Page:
Almost All Oncologists Experienced a Drug Shortage in Last Year

Almost all oncologists reported experiencing cancer drug shortages over the last year, noting that shortages have been increasing, unfortunately. These drug shortages have caused the financial burdens on practices and patients to increase severely.

Almost all oncologists reported experiencing cancer drug shortages over the last year, according to the Community Oncology Alliance (COA).

The drug shortage survey of 200 practices (representing 525 physicians), revealed that 98.9% of physicians had experienced a drug shortage in the last 12 months, which affected their patients’ health in some cases.

The drug shortage severely impacted patient prognosis, severity of side effects and cost to the patient, according to the survey. In more than 60% of patients, the cancer progressed more quickly because of the drug shortage, according to respondents. More than 70% had more severe side effects.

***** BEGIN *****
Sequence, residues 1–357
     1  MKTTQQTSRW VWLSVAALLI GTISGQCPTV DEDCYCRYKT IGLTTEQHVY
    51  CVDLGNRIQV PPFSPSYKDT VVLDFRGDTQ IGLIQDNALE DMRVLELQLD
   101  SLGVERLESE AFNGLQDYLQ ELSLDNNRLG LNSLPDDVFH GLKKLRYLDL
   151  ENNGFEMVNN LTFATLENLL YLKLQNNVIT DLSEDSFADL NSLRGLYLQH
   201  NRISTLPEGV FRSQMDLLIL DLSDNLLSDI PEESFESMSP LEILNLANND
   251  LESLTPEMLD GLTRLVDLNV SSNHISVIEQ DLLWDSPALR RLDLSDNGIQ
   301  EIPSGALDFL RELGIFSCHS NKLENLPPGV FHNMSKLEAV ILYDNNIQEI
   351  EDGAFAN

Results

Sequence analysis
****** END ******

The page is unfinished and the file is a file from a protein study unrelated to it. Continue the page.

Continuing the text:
The financial burden was more severe for more than 80% of patients and more than 90% of practices affected by the shortages, according to the survey.

Unfortunately, there doesn’t seem to be a light at the end of the tunnel, according to COA’s survey. A total of 58% of physician respondents indicated that the shortage in cancer drugs is actually increasing.

"The root cause of the drug shortage is economic," Ted Okon, executive director of COA, said in a statement. "The Medicare system for reimbursing for cancer drugs has created pricing instability. That has resulted in disincentives for manufactures to produce these low-cost but vital generic cancer drugs, as well as to invest in manufacturing facilities for these products."

Patients faced higher costs when their doctors made drug substitutions as a result of the drug shortage.

For instance, leucovorin—commonly used to treat ovarian cancer—costs Medicare $35 a dose with a patient co-pay of only $9, according to Patrick Cobb, MD, an oncologist and past COA president. However, leucovorin is a generic drug that is in short supply. The replacement brand drug is available, Cobb said in a statement, but costs Medicare $2,000 a dose with a patient co-pay of $520.